Your work computer just suffered a major meltdown. Maybe the operating system failed, or a virus crashed the hard drive.
Either way, your employer can now tunnel into your crippled machine remotely by communicating directly with the chips inside it, allowing authorised managers to power up and repair turned-off PCs within the corporate network at virtually any time.
The technology — which Intel introduced last year to rave reviews from computer professionals — represents a fundamental change in the way work PCs are repaired, updated and administered.
Now the world’s largest chip maker is studying how to bring the same technology to the consumer market.
Santa Clara, California-based Intel envisions consumers one day signing up for a service that allows their internet providers to install automatically security upgrades and patches, whether the PC is switched on or not. Once they return to their computers, users would then get an alert with a detailed record of the fixes.
In some ways it’s the computer-industry equivalent of General Motors’s OnStar service, which allows an operator in a call centre to open your car doors if you have locked the keys inside.
Intel is hoping consumers will decide that the convenience of having a round-the-clock watchdog outweighs the obvious privacy and security concerns raised by opening a new remote-access channel into the PC.
Digital-privacy experts are not worried about the use of such technology in the workplace, where employers may peek into any worker’s machine at any time. But advocates said the same technology might raise questions about the level of control consumers are willing to cede to keep their machines running smoothly.
”It’s a lot of power to give over to someone — people are storing a large portion of their lives in their computers,” said Seth Schoen, a staff technologist with the Electronic Frontier Foundation. ”My main concern would be to make sure consumers knew who they were giving access to, and what kind of access they’re giving.”
Intel’s Active Management Technology only allows technicians to see a small amount of mundane but critical information, mostly configuration and inventory data. Only authorised IT managers already inside the corporate network can access the computers, and they cannot rifle through an employee’s files, see the web browsing history or gain access to other personal files, Intel said.
They can, however, install missing or corrupt files, and even reinstall the entire operating system by having the system boot from a remote drive on the network.
”The technology itself is privacy-neutral — it doesn’t know who you are, it doesn’t really care what you do,” said Mike Ferron-Jones, director of digital office platform marketing at Intel. ”Any policy decisions about what a user can do in a business environment with their PC, those are up to the business owner. [Active Management Technology] does not facilitate those policies in any way.”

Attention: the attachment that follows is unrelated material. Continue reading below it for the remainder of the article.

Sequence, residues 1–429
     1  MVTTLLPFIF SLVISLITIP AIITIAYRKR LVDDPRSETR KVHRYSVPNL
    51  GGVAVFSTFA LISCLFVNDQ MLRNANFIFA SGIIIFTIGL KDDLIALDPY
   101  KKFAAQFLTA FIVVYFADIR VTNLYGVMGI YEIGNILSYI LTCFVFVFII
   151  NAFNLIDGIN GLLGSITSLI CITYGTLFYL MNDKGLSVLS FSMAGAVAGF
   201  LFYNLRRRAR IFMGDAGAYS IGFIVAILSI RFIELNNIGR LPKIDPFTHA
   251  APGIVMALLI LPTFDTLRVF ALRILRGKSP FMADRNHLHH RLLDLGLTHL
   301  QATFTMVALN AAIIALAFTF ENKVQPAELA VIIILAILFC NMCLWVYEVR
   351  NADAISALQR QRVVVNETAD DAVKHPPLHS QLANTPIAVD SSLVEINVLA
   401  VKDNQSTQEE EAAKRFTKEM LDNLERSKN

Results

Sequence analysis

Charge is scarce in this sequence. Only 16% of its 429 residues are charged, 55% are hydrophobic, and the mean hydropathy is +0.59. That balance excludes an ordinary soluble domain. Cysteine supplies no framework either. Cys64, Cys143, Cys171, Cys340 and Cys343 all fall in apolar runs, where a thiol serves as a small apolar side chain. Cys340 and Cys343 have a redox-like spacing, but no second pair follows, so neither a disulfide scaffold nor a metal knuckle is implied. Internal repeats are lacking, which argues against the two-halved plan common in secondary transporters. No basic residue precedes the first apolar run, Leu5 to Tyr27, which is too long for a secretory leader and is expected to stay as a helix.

The top two personal computer makers, Hewlett-Packard and Dell, and retailers such as Best Buy also offer remote tech support services for consumers — if the machines are switched on and plugged into the network.
Intel’s technology opens up a new level of access. Its Active Management Technology works by keeping a communications chip inside the PC active at virtually all times, as long the machine has battery or AC power.
Once an IT manager reaches out to that chip, it contacts the chipset inside the same machine, which jolts to life and can access certain core data stored on a memory chip that retains information even when the computer is off. Chip sets are responsible for sending data from the microprocessor to the rest of the computer.
The technology is only available in desktops with Intel’s vPro branding and laptops with the Centrino Pro branding. Those brands indicate that the PCs have a full package of Intel chips, and workers with those computers should assume their machines are being monitored in this manner.
Intel said about 250 business worldwide with between 1 000 and 10 000 PCs each are now using the desktops. Laptop sales numbers are not yet available, as those machines were made available only about three weeks ago.
The technology is similar to the existing Wake on LAN feature, which also allows managers to boot PCs remotely, but Intel customers said the Active Management Technology is more secure and reliable because they can communicate directly with the chip set even in corrupted machines.
Richard Shim, an analyst with market researcher IDC, said IT managers have been asking for the technology for some time to speed their service calls and save the company money.
By giving them a uniform and reliable way to access their fleet of computers, the technology lets system administrators more easily manage widely dispersed machines from different manufacturers, Shim said. That lessens the need for the patchwork of hardware and software they have been relying on to perform some of the same tasks.
”It will help automate the process, and any time you can automate something in technology, it’s a blessing,” he said. ”It addresses pain points that are common to all IT managers.”
In one study of companies already using Active Management Technology, desk-side visits for hardware problems dropped by 60% and trips for software glitches fell by 91%.
”They’re huge numbers — for us it’s extremely costly to send a field technician out,” said Matt Trevorrow, vice-president of infrastructure services for Electronic Data Systems, a provider of IT outsourcing services that uses the new Intel technology and is offering it to customers. ”It all comes back to getting the end user back to being productive.” — Sapa-AP